Introduction to the SLC-500 Discrete Input Interrupt
The SLC-500 Discrete Input Interrupt allows you to execute a routine when certain bits on a module become true or false. This allows for high speed processing of certain logic under specific conditions. For example, if the operator presses an E-Stop. The E-stop should directly take your equipment to a safe state. However, you might decide to take other actions in logic.
The DII feature of the 5/03 and higher will typically monitor an input module. We configure the DII feature in the S2 Status file.
In this case, we’ll just have a simple ADD instruction in the DII routine. An integer file increments when the DII executes.
Create your Subroutine
Before we start, create a new routine. Right-click “Program Files” to create the new routine. For example, I’m creating file 7, which is named DII. You must be Offline to create this file.
Next, I’ll add the logic to our subroutine. As I have said, we’ll just use a simple ADD instruction to verify the routine executes.
Configure the SLC-500 Discrete Input Interrupt
At this point, open the S2 Status file. Click the DII tab. We’ll leave the preset on 0 (immediate mode). When the entire bit pattern of the bits specified in the mask equals the compare value, the DII executes. Obviously another option is to enter a preset (counter mode). In that case, a certain bit pattern must happen several times before the DII will execute.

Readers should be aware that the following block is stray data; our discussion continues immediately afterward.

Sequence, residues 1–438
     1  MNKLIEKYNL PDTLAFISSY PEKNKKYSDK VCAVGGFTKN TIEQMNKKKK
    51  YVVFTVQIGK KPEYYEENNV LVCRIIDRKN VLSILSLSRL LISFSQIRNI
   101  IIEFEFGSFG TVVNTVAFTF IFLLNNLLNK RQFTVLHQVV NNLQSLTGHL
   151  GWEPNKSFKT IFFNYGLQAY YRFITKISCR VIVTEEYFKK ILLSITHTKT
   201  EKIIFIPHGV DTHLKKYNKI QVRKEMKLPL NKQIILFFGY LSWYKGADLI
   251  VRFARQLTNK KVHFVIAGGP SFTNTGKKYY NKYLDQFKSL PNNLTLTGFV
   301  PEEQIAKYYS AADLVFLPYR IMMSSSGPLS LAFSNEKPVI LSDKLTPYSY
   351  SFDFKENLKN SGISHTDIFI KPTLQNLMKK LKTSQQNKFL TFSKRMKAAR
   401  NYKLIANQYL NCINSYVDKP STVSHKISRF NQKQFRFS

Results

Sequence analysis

Obviously, the file we created is file #7. The slot # of the input module I’m monitoring is 1. Set the bit mask to reflect the bits you wish to monitor. This is a hexadecimal value. Obviously, if we want to monitor only bit 0, the bit mask will be 1h. It’s important to realize, we can only use bits 0 to 7 in the DII. Finally, set the Compare Value. The compare value describes which value to look for on each bit. Again, this is a hexadecimal value. By setting the compare value to 1h, I’m looking for the 0 to 1 transition. This 0 to 1 transition applies only to bit 0 in this case.
Download and test your work
Once we download and test our work, we can see that each time bit 0 goes high, the DII executes.
For more information, visit the Category page for the SLC-500!
— Ricky Bryce